Nicollet Mall from Grant Street to Washington Avenue is about a mile. The east to west stretch from the elevation change near Target Field to the elevation change near the new Vikings Stadium is a little over a mile. Is the above list of tunnels and bridges at all financially comparable to tunneling under Downtown Minneapolis? Obviously, no.
But at some point, a decision was made to pick that Eden Prairie alignment through swamps and over highways, and it was picked over a different Eden Prairie alignment in existing railroad right-of-way. You’re probably familiar with that Uptown vs. Kenilworth routing discussion in Minneapolis, but there was also a choice out on the tail end of the line.
The “1” alignment stuck to an old rail corridor that Hennepin County purchased some number of years ago, though unlike the “3” alignment, it didn’t really hit much other than single family houses. The “1” alignment beats the “3” alignment on golf course access (score: 2-0) while one of the now-deferred stations on the “3” alignment is a mere 15 minute walk from the American Eagle Outfitters at Eden Prairie Center Mall.
Either way, not really amazing, but hey! A decision was clearly made here, and there was an obvious engineering challenge and cost difference associated with the decision.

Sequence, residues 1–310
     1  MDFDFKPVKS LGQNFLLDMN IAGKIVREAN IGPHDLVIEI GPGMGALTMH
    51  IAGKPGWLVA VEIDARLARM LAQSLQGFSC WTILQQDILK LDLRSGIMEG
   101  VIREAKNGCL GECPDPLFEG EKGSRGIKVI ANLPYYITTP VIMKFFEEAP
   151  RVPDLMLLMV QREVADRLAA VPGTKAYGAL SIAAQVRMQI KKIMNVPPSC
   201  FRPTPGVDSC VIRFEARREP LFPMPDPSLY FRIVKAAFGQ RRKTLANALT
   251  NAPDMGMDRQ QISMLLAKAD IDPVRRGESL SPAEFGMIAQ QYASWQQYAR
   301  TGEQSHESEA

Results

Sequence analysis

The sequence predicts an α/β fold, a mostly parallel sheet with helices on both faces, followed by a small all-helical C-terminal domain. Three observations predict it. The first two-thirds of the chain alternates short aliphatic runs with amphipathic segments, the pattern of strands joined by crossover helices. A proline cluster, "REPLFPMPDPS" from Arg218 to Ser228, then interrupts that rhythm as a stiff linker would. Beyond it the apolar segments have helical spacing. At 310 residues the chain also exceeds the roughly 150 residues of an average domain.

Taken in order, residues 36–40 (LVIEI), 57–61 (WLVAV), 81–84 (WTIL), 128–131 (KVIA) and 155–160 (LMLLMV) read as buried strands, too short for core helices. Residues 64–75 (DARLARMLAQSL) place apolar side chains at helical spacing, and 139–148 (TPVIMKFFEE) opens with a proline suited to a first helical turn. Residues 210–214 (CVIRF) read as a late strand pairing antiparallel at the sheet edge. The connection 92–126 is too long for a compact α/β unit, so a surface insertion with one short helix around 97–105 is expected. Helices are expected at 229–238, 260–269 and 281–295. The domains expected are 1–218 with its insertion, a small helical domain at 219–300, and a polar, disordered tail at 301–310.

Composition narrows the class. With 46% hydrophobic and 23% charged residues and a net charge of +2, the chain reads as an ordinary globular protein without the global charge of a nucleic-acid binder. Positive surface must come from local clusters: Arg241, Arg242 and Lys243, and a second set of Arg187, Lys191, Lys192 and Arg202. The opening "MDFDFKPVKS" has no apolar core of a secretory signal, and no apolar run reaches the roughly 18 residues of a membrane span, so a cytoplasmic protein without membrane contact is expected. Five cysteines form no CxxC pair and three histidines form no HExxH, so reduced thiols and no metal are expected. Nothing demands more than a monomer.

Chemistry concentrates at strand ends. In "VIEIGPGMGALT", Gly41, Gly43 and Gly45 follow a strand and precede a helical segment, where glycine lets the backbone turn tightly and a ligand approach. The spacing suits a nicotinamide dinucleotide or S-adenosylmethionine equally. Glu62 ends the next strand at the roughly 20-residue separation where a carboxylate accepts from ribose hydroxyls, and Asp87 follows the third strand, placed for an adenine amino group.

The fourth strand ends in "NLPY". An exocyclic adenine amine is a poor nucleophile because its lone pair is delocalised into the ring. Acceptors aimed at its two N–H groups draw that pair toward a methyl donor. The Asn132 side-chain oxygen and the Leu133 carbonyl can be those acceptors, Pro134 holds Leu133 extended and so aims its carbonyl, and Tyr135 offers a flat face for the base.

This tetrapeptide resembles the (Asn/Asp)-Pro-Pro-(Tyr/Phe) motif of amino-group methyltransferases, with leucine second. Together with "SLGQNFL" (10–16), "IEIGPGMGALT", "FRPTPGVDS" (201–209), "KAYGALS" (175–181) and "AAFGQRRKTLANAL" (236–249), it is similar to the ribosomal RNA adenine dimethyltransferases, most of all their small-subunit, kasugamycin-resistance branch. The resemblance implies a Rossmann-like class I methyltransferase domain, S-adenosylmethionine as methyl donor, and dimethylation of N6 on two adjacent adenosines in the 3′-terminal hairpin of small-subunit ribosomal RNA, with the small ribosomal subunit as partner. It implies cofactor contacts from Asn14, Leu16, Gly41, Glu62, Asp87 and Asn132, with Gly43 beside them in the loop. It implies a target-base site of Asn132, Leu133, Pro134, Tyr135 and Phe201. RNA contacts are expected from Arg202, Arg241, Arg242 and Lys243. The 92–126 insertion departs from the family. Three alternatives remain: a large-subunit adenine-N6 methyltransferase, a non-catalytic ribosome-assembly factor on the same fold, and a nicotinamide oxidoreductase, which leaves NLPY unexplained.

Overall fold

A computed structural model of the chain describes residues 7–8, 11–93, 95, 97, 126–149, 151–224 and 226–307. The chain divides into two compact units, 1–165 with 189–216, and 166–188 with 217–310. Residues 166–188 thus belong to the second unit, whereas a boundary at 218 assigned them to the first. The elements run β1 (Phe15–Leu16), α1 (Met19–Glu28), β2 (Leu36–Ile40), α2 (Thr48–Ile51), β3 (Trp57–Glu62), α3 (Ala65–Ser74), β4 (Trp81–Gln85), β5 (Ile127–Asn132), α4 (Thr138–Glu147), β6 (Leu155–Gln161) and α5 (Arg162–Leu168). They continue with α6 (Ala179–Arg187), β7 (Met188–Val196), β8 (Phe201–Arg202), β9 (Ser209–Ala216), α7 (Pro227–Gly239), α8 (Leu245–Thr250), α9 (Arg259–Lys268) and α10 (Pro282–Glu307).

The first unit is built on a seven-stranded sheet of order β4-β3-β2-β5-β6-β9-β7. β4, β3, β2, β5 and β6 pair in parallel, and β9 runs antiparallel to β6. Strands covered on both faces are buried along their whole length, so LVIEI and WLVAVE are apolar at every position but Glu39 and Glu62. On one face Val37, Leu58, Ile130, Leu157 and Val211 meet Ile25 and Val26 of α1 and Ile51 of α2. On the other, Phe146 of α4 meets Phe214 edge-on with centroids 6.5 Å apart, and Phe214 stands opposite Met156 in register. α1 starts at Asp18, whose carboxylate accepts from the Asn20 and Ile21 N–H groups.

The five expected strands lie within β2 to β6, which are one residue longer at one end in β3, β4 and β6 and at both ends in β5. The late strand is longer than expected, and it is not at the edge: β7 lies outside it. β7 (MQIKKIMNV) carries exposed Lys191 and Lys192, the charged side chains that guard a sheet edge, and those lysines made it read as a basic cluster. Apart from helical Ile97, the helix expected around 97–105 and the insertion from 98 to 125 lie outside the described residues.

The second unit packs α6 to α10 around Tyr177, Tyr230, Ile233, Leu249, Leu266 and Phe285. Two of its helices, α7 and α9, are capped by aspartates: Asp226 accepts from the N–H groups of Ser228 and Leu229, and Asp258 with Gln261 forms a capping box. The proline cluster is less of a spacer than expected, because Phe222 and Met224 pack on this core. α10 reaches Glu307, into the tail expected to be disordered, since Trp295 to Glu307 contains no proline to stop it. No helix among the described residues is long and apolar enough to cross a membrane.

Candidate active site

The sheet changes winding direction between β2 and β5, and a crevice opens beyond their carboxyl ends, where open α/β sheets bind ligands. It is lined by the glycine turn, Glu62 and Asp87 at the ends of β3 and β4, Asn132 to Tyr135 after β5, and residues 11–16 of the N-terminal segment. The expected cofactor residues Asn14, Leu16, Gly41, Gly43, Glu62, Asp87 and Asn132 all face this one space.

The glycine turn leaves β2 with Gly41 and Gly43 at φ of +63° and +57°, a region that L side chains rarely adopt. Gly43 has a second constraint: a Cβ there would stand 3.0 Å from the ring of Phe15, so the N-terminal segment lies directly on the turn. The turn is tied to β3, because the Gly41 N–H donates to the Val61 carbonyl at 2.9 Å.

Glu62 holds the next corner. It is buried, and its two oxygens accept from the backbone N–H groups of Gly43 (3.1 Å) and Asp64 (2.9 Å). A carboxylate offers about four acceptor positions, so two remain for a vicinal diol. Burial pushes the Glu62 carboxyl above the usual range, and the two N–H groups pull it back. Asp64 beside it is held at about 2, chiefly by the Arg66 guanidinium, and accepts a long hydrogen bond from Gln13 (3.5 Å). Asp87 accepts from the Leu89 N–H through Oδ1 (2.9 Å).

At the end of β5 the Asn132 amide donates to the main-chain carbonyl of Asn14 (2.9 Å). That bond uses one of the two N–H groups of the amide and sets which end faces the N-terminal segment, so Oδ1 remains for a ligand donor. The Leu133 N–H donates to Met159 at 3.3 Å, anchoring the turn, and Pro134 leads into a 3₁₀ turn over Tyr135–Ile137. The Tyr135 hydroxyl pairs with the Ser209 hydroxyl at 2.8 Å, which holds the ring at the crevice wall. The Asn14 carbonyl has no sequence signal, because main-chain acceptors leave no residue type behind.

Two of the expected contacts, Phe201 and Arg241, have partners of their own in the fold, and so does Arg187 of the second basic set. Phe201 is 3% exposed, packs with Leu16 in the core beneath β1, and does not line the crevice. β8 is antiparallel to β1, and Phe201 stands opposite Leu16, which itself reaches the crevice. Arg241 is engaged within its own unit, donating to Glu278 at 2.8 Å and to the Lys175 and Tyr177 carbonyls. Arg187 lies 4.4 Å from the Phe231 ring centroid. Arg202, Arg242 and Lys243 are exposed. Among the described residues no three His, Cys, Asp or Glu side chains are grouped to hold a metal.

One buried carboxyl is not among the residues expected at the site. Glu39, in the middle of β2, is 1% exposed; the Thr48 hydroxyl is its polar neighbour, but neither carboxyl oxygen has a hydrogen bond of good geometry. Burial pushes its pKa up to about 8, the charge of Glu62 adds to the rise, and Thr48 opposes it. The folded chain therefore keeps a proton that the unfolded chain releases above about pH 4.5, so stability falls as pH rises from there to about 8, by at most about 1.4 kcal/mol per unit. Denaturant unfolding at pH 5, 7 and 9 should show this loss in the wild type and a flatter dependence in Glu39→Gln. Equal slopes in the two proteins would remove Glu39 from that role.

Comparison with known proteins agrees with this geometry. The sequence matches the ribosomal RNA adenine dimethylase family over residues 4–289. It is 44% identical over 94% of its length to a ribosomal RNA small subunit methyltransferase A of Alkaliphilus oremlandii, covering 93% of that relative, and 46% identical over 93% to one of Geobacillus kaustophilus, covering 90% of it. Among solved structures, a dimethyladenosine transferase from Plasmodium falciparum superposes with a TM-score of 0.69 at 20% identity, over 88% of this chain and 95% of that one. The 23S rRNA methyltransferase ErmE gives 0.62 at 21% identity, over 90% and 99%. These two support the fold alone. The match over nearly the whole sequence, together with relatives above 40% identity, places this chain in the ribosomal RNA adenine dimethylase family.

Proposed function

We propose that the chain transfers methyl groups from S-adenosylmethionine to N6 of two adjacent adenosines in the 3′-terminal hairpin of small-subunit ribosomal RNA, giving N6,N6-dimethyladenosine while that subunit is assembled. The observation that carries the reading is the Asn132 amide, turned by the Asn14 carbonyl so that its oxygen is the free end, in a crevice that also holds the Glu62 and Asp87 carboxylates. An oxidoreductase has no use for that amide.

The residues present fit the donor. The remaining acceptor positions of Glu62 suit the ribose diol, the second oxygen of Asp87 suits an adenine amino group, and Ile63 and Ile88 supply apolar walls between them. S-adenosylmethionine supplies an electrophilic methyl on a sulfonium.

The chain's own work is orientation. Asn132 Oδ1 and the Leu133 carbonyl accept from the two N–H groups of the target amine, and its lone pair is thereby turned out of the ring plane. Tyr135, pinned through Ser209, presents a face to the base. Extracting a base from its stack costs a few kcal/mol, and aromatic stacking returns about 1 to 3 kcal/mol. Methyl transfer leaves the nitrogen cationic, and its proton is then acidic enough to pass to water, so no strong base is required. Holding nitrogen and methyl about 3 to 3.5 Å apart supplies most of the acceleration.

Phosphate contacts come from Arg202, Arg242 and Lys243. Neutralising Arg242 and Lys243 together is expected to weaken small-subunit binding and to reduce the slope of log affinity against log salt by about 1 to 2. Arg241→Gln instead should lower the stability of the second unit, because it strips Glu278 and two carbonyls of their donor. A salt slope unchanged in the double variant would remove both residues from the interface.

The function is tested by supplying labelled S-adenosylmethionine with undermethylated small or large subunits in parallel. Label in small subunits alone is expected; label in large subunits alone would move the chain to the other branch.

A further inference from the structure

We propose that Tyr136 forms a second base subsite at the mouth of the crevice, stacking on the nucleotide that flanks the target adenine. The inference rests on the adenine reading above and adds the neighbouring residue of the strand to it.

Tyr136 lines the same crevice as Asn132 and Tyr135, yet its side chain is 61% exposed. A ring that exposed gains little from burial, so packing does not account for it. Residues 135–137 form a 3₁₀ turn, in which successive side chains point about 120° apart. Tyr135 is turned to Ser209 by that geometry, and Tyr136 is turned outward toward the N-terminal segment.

The “1” alignment had a single bridge and tunnel west of Hopkins (page 21) whereas the chosen alignment has six bridges and a tunnel (it also turned out to be routed through hundreds of millions of dollars worth of swamp, but no one could have known there was a swamp there). The Hennepin County board and others looked at the situation and decided that attempting to serve the stuff along the “3” alignment was worth the extra cost. A mere six years later, the train isn’t quite running, nor has construction even started, but we are finally accounting for the number of “significant” trees in the Kenilworth corridor.
The Green Line extension to Eden Prairie is happening, though. And again, there does appear (?) to be money for transit. Not to mention political capital–a lot of effort went into saving the line during its recent $341 million dollar cost increase/near-death experience.
And so what we need now is for serious people to start seriously discussing the need for one or two transit tunnels in Downtown Minneapolis, rather than 15 or 20 years from now. Could be a combination bus/rail tunnel like Seattle, could be a bus tunnel like Boston, could be a streetcar tunnel that would make the Nicollet-Central project a far more worthy endeavor. There are many roads to Duluth, a wise man once said.
Every few months a new development project is announced downtown, and we lose another surface parking lot that could be a potential tunnel portal or potential property whose increase in taxable value could be used to fund said tunnel. The existing north-south transit routes through Downtown Minneapolis are terrible, and they’re not slated to improve in the next 15 years. We should be planning for the future, not some version of 1987.
Streets.mn is a non-profit and is volunteer run. We rely on your support to keep the servers running. If you value what you read, please consider becoming a member.